Then, the boat slowed to a halt. “Attention ladies and gentlemen,” the captain rasped through the speakers, “but we have arrived at our viewing location. The boat before us has reported back, and they say that there are quite a few whales in this area today.”
Suddenly, everyone snapped to attention, pushing to the catamaran’s edge, peering desperately into the skyline. I happened to be standing near the front at the time, and grasped the guardrail in front of me, breathless.
“You may think that we use sophisticated tracking technology to find the whales,” the captain continued jovially, “but actually, we don’t! We just talk to other boats about what they’re seeing.”
The water under the boat was turning a pale, eerie blue: milky with air bubbles and movement. Oh my God, I thought, the whales are under the boat right now. And nobody knows yet but me. I saw an erratic squiggle of white: the top, I thought certainly, of a scarred and massive sea monster.
Here is what would happen. The whales would converge beneath the boat, lifting the frail tracks of the catamaran so that the boat rocked back and forth, nightmarishly off-balance. It would be play for them — each taking its turn to push us higher into the air, flicking its tail with every plunge back into the sea. The boat would split down the middle with a pathetic crack, and passengers slowly tumbling into the blue chaos. Screaming, grasping at rails. I am suddenly submerged in water.
Then, that gigantic pink maw, soundlessly opening and I am inside it, as he torpedoes back down into the sea.
What would it be like to live with the whales? I realized that I actually didn’t know a single thing about them. I’d been so enchanted with their hollow song that I hadn’t paid any attention to any of the technical information in that radio piece, so many months ago. I’d briefly skimmed some Wikipedia articles, but mostly just for pictures: the main thing that had concerned me at the time was how large and terrifying they were. How many cars could a whale swallow? How would my hand compare to one of its teeth?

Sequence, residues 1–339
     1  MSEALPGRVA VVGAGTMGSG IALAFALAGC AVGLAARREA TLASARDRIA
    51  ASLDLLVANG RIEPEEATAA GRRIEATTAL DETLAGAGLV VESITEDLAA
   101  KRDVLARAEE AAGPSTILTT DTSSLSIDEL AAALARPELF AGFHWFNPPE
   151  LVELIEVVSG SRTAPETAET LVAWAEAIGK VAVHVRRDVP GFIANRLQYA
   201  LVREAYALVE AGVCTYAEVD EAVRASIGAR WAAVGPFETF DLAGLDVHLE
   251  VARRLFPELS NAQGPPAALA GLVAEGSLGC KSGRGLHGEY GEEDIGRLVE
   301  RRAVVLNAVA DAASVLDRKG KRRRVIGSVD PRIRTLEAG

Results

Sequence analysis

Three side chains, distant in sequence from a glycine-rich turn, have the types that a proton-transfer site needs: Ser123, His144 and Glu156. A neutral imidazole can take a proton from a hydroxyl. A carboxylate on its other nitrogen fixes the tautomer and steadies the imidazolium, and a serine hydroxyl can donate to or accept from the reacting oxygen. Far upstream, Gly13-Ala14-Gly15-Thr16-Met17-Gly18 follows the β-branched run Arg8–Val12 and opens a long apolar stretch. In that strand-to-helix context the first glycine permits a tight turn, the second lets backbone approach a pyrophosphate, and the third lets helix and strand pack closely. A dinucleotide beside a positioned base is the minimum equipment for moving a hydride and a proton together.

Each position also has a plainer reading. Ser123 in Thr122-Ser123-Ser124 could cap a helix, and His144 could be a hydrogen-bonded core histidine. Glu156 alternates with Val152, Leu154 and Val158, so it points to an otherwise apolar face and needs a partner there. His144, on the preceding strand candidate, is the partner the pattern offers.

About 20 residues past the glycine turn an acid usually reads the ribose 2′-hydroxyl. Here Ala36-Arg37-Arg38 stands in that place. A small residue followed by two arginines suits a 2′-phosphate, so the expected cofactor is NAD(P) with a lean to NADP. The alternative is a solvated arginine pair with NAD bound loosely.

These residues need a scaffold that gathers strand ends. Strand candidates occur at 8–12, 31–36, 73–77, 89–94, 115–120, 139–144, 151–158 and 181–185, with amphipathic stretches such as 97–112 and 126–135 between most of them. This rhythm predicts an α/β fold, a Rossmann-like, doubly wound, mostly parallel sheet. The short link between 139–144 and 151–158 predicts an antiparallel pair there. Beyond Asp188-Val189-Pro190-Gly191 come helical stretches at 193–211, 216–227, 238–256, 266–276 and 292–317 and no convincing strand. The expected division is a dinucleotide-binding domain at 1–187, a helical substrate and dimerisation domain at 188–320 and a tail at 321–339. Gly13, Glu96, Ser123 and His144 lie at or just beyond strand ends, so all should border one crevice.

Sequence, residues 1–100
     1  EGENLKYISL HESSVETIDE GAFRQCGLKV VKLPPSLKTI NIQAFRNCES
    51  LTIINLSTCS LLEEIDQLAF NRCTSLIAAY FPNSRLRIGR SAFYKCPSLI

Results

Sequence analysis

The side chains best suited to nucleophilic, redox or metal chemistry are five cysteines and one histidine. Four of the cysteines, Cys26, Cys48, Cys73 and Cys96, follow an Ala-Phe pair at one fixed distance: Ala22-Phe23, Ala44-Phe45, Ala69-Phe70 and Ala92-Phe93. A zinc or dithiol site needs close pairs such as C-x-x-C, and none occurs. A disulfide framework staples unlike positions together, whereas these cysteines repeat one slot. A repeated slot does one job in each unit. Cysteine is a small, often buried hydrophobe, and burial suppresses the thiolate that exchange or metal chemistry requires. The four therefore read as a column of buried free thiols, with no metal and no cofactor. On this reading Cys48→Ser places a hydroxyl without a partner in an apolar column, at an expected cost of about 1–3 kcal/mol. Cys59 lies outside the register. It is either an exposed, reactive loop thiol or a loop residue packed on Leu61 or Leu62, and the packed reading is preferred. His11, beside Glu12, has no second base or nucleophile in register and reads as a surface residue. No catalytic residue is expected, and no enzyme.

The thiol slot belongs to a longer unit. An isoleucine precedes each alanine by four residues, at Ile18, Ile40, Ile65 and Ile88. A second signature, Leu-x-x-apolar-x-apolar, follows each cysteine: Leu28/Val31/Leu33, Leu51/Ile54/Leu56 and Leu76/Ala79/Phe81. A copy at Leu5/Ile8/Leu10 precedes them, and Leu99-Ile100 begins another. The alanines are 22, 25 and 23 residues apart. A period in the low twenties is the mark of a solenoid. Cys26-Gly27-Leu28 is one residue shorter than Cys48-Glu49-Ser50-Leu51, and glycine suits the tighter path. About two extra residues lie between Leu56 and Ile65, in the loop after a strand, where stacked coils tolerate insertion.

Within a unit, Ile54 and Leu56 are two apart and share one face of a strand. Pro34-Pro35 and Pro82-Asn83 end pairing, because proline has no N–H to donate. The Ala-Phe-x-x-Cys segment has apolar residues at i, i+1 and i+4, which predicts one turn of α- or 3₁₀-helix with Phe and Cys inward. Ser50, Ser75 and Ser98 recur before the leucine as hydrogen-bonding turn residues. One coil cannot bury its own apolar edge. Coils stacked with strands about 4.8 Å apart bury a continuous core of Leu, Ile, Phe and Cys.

I decided that the whales lived in caves, deep in the ocean, but not so deep that there wasn’t any light: the water would glow like a sapphire around them constantly, and there would be bright bubblegum corals, fish the color of highlighting pens. They would place me in one of their caves and I would learn to breathe under water like Kevin Costner in Waterworld. Every now and then one of them would take me inside of its massive pink maw and torpedo back to the ocean’s surface — as if to have me look around one more time, make certain that I was happy and did not want to go back.
“No,” I would say, and crawl back between its ivory teeth.
I would swim with the octopuses, flounder, and jellyfish, and nothing would ever want to eat me. My hands would become like starfish. My hair would be seaweed. Life from then on would be endless and blue, glowing and fluid.
At some point I realized that the milky aquamarine water I was staring at so intently beneath the boat was caused by the slow churning of the motor, as it fought against the waves to stay in place. The occasional white squiggles were not the scars of emerging monsters, but of tiny eddies rising to the surface. And I didn’t know it then, but it would be some time before we would see a whale at all, and even then it would be far away from us, the flick of a tail, the curve of a back against the grey sky.
I leaned down over the rail, looking deep into the deceptive moving water, and took a picture anyway.